After ten hours each cell was cooled and each honeycomb or ball was removed for examination. These objects, notwithstanding their direct contact with molten cryolite during electrolysis, were found to have a 100 to 500 micron film of aluminum upon all surfaces. The alumina substrates of each honeycomb or ball were not attacked.
A cylindrical solid section of AlB.sub.12 was split longitudinally to yield a solid half cylinder. The half cylinder was degreased with propanol. The degreased half of the cylinder was immersed in a mixture of 20.36 grams KCl, 16.52 grams NaCl, 1.52 grams CaCl.sub.2, and 2 grams of titanium hydride at approximately 1000 scrubbed of oxygen by passage over hot titanium. Immersion was continued for four hours. The half cylinder was then boridized in a manner identical to that of Example 1. Upon inspection, a 15 micron coating of titanium diboride was found to be present on the surface of the half cylinder.
The half cylinder was placed in a 750 milliliter alumina crucible, containing a titanium diboride ring filled with aluminum. The half cylinder was inserted into the ring so that a portion of the half cylinder protruded above the aluminum contained within the titanium diboride ring. The balance of the crucible was filled with cryolite. The crucible was heated to 1000 cylinder was found to be coated uniformly with aluminum, even those portions of the titanium diboride coated half cylinder which had extended into cryolite floating atop molten aluminum contained in the TiB.sub.2 ring.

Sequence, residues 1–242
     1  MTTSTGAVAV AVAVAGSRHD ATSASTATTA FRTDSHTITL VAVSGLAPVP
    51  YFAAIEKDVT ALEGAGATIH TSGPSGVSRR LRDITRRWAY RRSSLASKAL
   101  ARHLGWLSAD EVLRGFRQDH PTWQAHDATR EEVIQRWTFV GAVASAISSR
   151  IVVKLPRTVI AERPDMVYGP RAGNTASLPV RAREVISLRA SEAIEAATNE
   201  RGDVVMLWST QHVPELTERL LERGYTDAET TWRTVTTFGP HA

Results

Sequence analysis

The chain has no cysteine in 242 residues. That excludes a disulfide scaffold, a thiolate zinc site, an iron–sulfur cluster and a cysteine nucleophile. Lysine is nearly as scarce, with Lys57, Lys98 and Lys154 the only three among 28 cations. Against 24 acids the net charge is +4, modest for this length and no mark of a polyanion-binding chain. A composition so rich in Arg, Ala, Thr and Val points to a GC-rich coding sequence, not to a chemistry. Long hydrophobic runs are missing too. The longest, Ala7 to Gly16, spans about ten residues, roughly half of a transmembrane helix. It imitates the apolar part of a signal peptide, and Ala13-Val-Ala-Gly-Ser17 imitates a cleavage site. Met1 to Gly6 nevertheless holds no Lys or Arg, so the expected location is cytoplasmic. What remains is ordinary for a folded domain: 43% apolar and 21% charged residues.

Example 5 was repeated using a half cylinder of BN with essentially identical results.
While a preferred embodiment of the invention has been shown and described in detail, it should be apparent that various modifications, alterations, or adjustments may be made from the embodiment as shown without departing from the scope of the claims following.
The FIGURE is a cross sectional representation of an aluminum electrowinning cell.